Kirkcudbright sits on the River Dee with a busy fishing harbour and farming industry. It is also known as an artists town with galleries and a museum and an artistic community. It also has a the MacLellan Castle which was built on the site of Greyfriars monastery. Today it is maintained by Historic Scotland.
I first start off by walking around St Mary’s Isle, a wooded peninsular just to the south of Kirkcudbright. You get wonderful glimpses of the estuary through the trees.
Today I am walking from the small village of Auchencairn with it’s village store, garage, church and pub to the town of Kirkcudbright. Auchencairn in the past has had a history of smuggling in the bay, probably why the pub is called the Smugglers Inn.
I take the road leading from the War Memorial towards Balcary Bay. I pass the lovely Balcary Bay Hotel where there are some stories that smugglers used some caves that were behind the hotel.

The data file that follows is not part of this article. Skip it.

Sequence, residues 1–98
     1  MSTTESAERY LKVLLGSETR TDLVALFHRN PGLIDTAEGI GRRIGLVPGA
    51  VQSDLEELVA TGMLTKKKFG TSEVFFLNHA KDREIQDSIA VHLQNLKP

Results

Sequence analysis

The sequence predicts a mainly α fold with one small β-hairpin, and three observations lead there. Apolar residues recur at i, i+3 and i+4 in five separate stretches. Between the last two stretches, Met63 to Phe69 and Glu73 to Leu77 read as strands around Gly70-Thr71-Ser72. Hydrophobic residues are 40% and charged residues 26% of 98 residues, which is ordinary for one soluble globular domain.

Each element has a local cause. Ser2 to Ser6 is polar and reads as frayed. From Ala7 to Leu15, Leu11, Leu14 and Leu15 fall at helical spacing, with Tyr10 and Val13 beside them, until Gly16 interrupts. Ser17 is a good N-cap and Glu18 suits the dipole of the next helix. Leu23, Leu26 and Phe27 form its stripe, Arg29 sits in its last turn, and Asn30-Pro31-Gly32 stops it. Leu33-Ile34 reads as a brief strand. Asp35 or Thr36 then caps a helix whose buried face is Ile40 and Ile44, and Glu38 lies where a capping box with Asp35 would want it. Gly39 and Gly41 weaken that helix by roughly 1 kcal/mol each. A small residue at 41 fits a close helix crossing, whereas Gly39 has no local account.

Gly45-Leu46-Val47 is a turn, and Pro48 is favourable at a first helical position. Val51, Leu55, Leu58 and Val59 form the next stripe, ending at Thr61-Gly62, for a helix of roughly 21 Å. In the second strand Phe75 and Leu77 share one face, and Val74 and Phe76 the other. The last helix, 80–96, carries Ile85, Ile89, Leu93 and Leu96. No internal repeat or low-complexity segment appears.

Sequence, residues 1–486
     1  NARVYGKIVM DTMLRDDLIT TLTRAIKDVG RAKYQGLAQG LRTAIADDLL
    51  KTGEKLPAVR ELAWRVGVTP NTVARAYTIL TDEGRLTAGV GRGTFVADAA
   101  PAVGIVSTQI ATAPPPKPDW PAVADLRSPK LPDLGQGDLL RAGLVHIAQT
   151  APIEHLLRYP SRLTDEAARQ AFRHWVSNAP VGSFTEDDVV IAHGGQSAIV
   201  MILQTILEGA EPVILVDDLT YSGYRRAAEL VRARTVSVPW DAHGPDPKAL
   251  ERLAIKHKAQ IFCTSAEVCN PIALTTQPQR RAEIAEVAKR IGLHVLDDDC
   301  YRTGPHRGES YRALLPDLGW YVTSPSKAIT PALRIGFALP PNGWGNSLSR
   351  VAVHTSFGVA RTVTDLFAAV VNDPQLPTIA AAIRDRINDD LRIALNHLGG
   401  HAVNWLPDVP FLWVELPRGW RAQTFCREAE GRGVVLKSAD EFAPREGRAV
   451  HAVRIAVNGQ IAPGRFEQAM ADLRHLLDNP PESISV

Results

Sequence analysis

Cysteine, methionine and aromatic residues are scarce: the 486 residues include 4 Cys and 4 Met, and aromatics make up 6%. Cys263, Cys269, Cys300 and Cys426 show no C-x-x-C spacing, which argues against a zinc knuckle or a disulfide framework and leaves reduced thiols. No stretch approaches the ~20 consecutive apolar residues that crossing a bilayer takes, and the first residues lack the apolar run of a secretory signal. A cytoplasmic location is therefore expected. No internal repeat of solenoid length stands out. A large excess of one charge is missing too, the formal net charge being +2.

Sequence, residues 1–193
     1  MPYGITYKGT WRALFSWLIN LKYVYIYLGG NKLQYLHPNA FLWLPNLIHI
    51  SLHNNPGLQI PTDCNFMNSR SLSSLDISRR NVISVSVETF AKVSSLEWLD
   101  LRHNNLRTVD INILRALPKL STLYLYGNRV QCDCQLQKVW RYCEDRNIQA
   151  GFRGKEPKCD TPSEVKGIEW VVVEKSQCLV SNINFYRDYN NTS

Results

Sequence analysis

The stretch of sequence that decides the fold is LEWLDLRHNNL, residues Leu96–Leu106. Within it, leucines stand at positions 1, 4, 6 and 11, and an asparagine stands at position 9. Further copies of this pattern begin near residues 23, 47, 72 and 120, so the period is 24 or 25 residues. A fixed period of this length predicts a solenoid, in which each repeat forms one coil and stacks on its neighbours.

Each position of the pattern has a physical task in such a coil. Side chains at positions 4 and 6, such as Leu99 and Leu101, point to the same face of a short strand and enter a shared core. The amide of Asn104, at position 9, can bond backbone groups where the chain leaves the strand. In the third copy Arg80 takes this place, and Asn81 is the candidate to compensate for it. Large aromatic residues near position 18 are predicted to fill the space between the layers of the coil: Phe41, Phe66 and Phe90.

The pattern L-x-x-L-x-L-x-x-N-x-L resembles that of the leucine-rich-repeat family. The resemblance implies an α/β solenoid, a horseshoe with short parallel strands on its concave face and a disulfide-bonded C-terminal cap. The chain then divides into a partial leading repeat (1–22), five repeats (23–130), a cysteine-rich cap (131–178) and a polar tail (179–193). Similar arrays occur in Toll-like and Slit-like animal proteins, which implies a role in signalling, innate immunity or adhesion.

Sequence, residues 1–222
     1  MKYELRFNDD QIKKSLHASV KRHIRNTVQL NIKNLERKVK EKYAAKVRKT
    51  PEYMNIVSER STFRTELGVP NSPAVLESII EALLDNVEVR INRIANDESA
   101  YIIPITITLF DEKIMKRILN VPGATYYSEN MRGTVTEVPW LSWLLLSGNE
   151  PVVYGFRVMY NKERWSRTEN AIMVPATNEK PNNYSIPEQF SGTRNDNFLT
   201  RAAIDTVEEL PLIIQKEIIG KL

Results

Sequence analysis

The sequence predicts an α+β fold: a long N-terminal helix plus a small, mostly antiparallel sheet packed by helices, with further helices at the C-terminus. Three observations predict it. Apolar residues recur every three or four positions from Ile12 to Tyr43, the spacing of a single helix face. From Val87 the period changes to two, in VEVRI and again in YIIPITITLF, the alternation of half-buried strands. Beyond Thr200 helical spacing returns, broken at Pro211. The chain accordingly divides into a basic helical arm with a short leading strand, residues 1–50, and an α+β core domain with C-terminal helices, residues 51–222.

Today I take a lovely walk which takes me across cliff tops over smugglers caves and past pretty coastal villages.
Leaving Sandyhills, I walk through a caravan park and follow the cliff tops over the Smugglers cave towards Port O’Warren. The beach here was known to smugglers.
Gutcher’s Isle is interesting, a secret sandy cove accessed from the sea by a very narrow inlet between the rocks.
Dumfries is the county town of Dumfries and Galloway and was named as Queen of the South by a local poet called David Dunbar.
The famous Scottish poet Robbie burns spent the last few years of his life in Dumfries and there is a statue of him in the Main Street. He had spent most of the money he had made from his poetry, so he came to Dumfries to work as an Excise Officer. The house wher he lived is now a museum.